GLADWELL: My problem, though, is that we've moved past exposing hypocrisy to exposing ordinary imperfection. So John Edwards had an affair and didn't want to tell the world about it. Yes, that's pretty lousy behavior. But does that really justify the Justice Department spending years and years going after him? And do we really have to shake our heads in dismay as if someone lying about an affair has never happened before? Same with Roger Clemens. So he allegedly used steroids and then allegedly lied about it. It's not like he was spying for the Soviet Union. He was embarrassed and bullheaded and had a terrible lawyer and got worried about his chances of getting into the Hall of Fame — which makes him as flawed and imperfect as the rest of us. And by the way, who — outside of his mother — even for a moment believed him when he said he'd never used steroids? For crying out loud, he went 18-4, with a 2.98 ERA at the age of 42.
SIMMONS: For the record, I support anything that leads to the words "Roger Clemens trial." But keep going.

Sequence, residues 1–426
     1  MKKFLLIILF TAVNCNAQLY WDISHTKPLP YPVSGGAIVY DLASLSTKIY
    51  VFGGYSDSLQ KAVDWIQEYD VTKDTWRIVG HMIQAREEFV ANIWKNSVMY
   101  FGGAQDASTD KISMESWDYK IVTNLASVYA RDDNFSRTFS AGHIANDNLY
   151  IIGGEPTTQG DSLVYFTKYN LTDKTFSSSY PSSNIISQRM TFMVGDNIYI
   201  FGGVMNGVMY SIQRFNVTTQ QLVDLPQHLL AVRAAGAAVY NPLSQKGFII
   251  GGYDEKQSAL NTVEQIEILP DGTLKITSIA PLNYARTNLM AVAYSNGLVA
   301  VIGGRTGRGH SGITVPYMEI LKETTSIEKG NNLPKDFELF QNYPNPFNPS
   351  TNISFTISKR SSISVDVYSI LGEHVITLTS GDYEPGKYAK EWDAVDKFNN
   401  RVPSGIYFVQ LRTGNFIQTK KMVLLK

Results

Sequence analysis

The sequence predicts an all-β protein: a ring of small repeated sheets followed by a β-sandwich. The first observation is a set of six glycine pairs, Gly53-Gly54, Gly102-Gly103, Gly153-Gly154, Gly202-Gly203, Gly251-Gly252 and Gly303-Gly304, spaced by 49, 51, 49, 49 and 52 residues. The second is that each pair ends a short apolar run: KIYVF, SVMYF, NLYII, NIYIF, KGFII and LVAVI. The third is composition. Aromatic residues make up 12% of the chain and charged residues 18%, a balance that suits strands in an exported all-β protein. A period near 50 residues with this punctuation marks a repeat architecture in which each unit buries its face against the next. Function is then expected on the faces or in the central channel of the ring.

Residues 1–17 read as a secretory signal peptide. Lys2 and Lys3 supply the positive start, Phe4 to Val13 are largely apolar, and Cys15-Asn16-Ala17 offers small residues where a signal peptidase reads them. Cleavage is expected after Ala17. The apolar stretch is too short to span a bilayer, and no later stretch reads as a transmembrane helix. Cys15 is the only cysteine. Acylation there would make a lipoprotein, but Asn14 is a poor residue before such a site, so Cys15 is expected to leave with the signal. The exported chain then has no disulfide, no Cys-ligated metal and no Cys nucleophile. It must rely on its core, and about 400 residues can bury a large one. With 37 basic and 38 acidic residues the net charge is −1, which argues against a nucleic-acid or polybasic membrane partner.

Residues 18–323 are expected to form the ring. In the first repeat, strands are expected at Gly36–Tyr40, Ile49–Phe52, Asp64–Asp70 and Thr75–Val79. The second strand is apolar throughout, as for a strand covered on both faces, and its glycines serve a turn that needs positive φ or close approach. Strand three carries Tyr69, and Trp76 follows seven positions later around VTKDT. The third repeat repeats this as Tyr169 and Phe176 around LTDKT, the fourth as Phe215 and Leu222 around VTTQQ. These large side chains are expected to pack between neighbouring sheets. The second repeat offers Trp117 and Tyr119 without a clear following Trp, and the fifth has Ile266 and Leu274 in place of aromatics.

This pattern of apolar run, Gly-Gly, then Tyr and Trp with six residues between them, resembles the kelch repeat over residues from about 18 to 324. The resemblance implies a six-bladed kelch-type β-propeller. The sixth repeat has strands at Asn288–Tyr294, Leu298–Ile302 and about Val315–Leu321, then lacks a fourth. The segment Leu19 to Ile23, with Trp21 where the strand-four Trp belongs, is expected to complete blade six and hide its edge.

GLADWELL: It strikes me that we have to make a decision. One option is to judge behavior harshly. But that requires that we respect privacy. In other words, we can frown on gambling only so long as we permit the Michael Jordans of this world to go to Vegas every now and again and gamble in peace. The second option is to take away all privacy — to tweet every public sighting, to comb through trash and to dissect every utterance on the Internet. But that means we have to be a lot more forgiving about human frailty. If we want to tweet "Jordan is down $500,000 at the Bellagio," we have to agree that if an adult worth hundreds of millions of dollars wants to spend his money foolishly placing bets in Vegas that's no better or worse than an adult with millions of dollars foolishly spending his money on private jets or Ferraris or subprime mortgage bonds. Take your pick. I'm for option two. I'm happy to know that Roger Clemens and John Edwards lied. But having learned that fact, I couldn't care less. The Justice Department has now spent tens of millions of taxpayer dollars pursuing fruitless legal cases against those two guys. Can I please have my money spent on something that actually matters?